Building with Trust
Updated: Jun 9
When I started sport coaching, I had no idea that it would transform me as much as the kids I was able to coach.
In September I was asked to help coach my tween's community basketball team. This might seem plausible to those of you who haven't met me, so let me set the stage. I'm five foot-four and I've played one season of basketball in elementary school.
Simply put, I have no game.
Serendipitously, I was matched with a young coach, "Coach B." who was not only gifted in coaching kids, he was a natural mentor to me. He treated me as an equal who had a few things to learn rather than she-who-has-no-game. I was committed to being the best co-coach I could, so I listened to him and watched, a lot. I also got a yellow whistle. It definitely helped.
Coach B. modeled what sport coaching looks like when it's fun, collaborative, and led. Yep, kids need leadership, and they need it in a way that encourages them to try new things and test the clear boundaries the coaches set. When they aren't sure, or things go sideways they need to be able to come back to their coach knowing they will receive coaching - ways to improve, stretch themselves, and grow.
It's like parenting, with more projectiles.
As practices passed, my competency increased, so that we could collaborate, assessing kids' areas of strength, and evaluate where we needed to focus skill-building balanced with fun. I was finding my space on the court with Coach B. and our players. A few weeks into co-coaching this team, my daughter's school coach asked if I'd be willing to help with a senior basketball team. I felt fine saying yes, by that point, as a coach, I had a little game.
Little did I know, things were going to take a hard left. At our first practice, I walked into the school gym, yellow whistle at the ready (better safe than sorry - whistle-wise) excited to meet my coach and the players. I was warmly greeted by two teachers who opened the equipment room for me, handed me the roster, and promptly sat down to eat lunch on the bench. I looked at them...they looked at me...taking a cue from the look on my face, they explained that they were the sponsors of the time, not the team, which by process of elimination of the adults in the room, left me, The Coach. There I was, yellow whistle dangling from my neck, nervous sweat about to bloom, looking at a gym full of grade sevens ready to play basketball. Tweens. So many of them. Including my own child. They looked at me...I looked at them... I had a split-decision to make.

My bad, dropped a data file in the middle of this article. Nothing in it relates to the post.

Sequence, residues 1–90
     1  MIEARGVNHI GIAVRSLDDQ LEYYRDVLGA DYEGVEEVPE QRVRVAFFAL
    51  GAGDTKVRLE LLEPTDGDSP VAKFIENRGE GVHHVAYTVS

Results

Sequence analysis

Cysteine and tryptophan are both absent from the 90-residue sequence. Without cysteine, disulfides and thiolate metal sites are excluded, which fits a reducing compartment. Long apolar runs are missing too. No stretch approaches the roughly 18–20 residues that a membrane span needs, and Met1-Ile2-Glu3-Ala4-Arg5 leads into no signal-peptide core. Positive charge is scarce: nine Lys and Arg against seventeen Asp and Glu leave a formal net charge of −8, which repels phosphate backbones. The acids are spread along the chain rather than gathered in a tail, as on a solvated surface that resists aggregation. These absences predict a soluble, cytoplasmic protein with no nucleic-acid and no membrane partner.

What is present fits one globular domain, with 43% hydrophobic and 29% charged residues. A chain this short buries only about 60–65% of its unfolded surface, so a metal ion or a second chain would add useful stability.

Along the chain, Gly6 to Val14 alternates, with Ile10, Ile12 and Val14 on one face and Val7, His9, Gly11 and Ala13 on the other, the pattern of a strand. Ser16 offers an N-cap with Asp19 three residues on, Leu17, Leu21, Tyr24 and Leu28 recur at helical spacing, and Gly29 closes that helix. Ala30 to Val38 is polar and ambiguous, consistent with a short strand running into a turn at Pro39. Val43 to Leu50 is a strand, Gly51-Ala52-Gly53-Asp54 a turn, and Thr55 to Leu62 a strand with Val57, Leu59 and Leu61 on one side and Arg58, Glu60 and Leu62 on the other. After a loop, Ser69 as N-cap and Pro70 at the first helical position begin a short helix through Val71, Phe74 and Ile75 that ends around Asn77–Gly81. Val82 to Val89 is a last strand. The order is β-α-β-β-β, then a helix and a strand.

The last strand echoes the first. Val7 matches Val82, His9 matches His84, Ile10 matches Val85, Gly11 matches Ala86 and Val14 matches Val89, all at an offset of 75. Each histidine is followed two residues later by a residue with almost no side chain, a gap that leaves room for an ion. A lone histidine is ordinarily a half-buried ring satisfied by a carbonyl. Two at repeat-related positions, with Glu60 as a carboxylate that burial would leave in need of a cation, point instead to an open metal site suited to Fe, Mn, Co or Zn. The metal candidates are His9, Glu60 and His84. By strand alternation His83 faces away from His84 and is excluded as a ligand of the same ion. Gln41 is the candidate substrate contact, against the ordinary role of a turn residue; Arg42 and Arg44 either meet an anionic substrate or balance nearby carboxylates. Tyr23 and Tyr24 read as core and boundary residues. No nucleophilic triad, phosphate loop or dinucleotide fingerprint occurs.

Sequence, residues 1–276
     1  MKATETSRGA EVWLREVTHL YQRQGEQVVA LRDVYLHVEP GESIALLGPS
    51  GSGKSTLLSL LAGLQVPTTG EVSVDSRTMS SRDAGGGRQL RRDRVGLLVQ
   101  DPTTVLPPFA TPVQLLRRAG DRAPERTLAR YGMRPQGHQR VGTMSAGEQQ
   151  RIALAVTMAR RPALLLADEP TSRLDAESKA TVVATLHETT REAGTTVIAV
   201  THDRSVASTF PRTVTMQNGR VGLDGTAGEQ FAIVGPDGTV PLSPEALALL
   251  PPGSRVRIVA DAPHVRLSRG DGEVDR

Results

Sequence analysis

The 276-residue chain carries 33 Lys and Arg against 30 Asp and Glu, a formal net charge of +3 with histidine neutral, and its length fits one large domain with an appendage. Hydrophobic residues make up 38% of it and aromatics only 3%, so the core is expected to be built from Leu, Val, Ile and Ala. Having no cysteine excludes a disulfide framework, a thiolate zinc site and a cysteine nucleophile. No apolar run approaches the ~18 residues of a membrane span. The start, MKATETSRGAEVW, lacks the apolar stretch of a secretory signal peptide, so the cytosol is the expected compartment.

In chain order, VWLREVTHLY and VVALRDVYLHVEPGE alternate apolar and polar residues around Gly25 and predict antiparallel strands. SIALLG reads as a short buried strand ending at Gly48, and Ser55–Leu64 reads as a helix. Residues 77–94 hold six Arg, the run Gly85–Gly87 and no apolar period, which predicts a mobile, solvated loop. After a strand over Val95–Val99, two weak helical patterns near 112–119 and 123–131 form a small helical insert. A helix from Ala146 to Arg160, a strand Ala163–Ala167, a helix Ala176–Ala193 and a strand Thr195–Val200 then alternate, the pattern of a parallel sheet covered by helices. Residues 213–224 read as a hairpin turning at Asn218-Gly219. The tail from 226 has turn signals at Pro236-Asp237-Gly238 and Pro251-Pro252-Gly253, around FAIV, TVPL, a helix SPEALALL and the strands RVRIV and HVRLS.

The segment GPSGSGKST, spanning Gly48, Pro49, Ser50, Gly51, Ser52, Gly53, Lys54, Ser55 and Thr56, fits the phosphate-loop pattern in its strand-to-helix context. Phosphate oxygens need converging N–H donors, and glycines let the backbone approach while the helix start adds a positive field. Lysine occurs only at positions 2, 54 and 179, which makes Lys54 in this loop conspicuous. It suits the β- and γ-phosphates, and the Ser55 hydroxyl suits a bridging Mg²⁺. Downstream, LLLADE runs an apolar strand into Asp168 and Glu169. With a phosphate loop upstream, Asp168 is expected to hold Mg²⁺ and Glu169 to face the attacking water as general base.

Option One: Explain that there had been a big mistake, send them out to recess, and slink back to the safety of my office, or,
Option Two: Lean in to my small repertoire of basketball skills Coach B. had gifted me and see if I could make this work.
I looked at those kids and at that moment, they changed from being the players, to becoming my players. I leaned in. Hard.
I piovoted quickly to what I knew about building corporate teams. Trust. We had to start with trust.
Before a basketball was dribbled, we sat together at center court. I invited them to let go of everything that had come before our practice or might come after, to focus on their breath, and one strength they bring to our team. They knew, collectively, that each person there, including themselves, had something to offer their team.